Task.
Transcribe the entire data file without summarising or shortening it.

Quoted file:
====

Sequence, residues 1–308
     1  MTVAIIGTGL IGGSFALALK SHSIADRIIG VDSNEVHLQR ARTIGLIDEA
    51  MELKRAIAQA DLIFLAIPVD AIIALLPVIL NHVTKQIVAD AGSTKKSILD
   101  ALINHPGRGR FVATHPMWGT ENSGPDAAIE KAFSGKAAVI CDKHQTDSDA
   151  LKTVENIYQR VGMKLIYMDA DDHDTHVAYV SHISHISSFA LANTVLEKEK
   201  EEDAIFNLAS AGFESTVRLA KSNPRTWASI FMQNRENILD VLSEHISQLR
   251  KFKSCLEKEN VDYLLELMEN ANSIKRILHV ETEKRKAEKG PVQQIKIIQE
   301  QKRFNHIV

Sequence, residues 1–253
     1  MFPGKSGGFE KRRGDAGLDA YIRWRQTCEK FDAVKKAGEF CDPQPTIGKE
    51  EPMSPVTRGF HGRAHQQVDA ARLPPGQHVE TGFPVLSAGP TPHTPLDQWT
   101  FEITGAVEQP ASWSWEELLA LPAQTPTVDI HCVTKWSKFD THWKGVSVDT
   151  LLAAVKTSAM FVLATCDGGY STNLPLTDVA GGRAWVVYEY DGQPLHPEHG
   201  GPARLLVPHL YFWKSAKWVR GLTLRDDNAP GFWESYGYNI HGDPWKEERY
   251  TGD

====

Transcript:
Sequence, residues 1–308
     1  MTVAIIGTGL IGGSFALALK SHSIADRIIG VDSNEVHLQR ARTIGLIDEA
    51  MELKRAIAQA DLIFLAIPVD AIIALLPVIL NHVTKQIVAD AGSTKKSILD
   101  ALINHPGRGR FVATHPMWGT ENSGPDAAIE KAFSGKAAVI CDKHQTDSDA
   151  LKTVENIYQR VGMKLIYMDA DDHDTHVAYV SHISHISSFA LANTVLEKEK
   201  EEDAIFNLAS AGFESTVRLA KSNPRTWASI FMQNRENILD VLSEHISQLR
   251  KFKSCLEKEN VDYLLELMEN ANSIKRILHV ETEKRKAEKG PVQQIKIIQE
   301  QKRFNHIV

Sequence, residues 1–253
     1  MFPGKSGGFE KRRGDAGLDA YIRWRQTCEK FDAVKKAGEF CDPQPTIGKE
    51  EPMSPVTRGF HGRAHQQVDA ARLPPGQHVE TGFPVLSAGP TPHTPLDQWT
   101  FEITGAVEQP ASWSWEELLA LPAQTPTVDI HCVTKWSKFD THWKGVSVDT
   151  LLAAVKTSAM FVLATCDGGY STNLPLTDVA GGRAWVVYEY DGQPLHPEHG
   201  GPARLLVPHL YFWKSAKWVR GLTLRDDNAP GFWESYGYNI HGDPWKEERY
   251  TGD